Antithrombotic strategy variability in atrial fibrillation and obstructive coronary disease revascularised with percutaneous coronary intervention: primary results from the AVIATOR 2 international registry

Jaya Chandrasekhar, Usman Baber, Samantha Sartori, Ridhima Goel, Johny Nicolas, Birgit Vogel, Clayton Snyder, Annapoorna Kini, Carlo Briguori, Bernhard Witzenbichler, Ioannis Iakovou, Gennaro Sardella, Kevin Marzo, Anthony DeFranco, Thomas Stuckey, Alaide Chieffo, Antonio Colombo, Richard Shlofmitz, Davide Capodanno, George DangasStuart Pocock, Roxana Mehran, Fernando Alfonso

Research output: Contribution to journalArticlepeer-review

Abstract

Background: Managing percutaneous coronary intervention (PCI) patients with atrial fibrillation (AF) presents challenges given that there are several potential antithrombotic therapy (ATT) strategies. Aims: We examined ATT patterns, agreement between subjective physician ratings and validated risk scores, physician-patient perceptions influencing ATT and 1-year outcomes. Methods: The AVIATOR 2 prospective registry enrolled 514 non-valvular AF-PCI patients from 11 sites. Treating physicians selected ATT and completed smartphone surveys rating stroke and bleeding risks, compared against CHA2DS2-VASc and HAS-BLED scores. Patients completed surveys regarding treatment understanding. Primary outcomes were 1-year major adverse cardiac or cerebrovascular events (MACCE: composite of death, myocardial infarction, definite/probable stent thrombosis, stroke, target lesion revascularisation) and actionable bleeding (Bleeding Academic Research Consortium 2, 3 or 5). Results: The mean patient age was 73.2±9.0 years, including 25.8% females. Triple therapy (TT: 1 anticoagulant and 2 antiplatelet agents) was prescribed in 66.5%, dual antiplatelet therapy (DAPT) in 20.7% and dual therapy (1 anticoagulant+1 antiplatelet agent) in 12.8% of patients. Physician ratings and validated risk scores showed poor agreement (stroke: kappa=0.03; bleeding: kappa=0.07). Physicians rated bleeding-related safety (93.8%) as the main factor affecting ATT choice. Patients worried about stroke over bleeding (50.6% vs 14.8%). No group differences by ATT strategy were observed in 1-year MACCE (TT 14.1% vs dual therapy 12.7% vs DAPT 18.5%; p=0.25), or actionable bleeding (14.7% vs 7.9% vs 15.1%, respectively; p=0.89). Conclusions: The AVIATOR 2 study is the first digital health study examining physician-patient perspectives on ATT choices after AF-PCI. TT was the most common strategy without differences in 1-year outcomes in ATT strategy. Physicians rated safety first when prescribing ATT; patients feared stroke over bleeding.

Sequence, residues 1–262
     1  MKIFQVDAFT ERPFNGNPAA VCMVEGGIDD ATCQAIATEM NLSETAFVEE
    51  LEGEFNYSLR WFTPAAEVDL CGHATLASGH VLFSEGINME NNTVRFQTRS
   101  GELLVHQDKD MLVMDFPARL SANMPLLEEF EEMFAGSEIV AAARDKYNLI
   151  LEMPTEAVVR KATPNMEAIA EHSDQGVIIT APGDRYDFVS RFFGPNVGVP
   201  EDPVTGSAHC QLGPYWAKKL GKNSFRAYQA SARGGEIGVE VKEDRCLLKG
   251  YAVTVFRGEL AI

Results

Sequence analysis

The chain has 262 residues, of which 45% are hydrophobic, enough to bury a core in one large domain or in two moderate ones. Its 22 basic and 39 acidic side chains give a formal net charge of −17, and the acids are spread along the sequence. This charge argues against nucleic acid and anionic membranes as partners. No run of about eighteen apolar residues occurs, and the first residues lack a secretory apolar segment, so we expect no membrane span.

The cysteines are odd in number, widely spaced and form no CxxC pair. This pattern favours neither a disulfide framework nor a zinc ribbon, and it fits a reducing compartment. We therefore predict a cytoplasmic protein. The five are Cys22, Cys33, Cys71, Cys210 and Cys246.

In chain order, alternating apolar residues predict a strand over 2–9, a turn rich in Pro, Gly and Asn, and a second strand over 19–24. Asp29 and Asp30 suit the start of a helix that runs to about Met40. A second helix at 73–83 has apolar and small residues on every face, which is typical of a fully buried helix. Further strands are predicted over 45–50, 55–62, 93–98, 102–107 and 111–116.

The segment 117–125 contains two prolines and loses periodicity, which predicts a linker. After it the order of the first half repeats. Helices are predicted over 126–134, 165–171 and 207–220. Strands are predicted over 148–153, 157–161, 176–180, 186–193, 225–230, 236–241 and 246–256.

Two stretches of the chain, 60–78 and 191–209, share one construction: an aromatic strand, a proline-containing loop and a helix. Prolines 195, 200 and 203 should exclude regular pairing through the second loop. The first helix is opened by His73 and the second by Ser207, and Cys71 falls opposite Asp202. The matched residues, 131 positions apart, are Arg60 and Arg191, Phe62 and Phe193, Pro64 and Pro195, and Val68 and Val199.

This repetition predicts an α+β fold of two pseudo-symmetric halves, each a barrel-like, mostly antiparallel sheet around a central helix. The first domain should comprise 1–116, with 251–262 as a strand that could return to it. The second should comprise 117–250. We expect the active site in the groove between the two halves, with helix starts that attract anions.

Original languageEnglish
Pages (from-to)E656-E665
JournalEuroIntervention
Volume18
Issue number8
DOIs
StatePublished - Oct 2022

Keywords

  • ACS/NSTE-ACS
  • atrial fibrillation
  • stable angina

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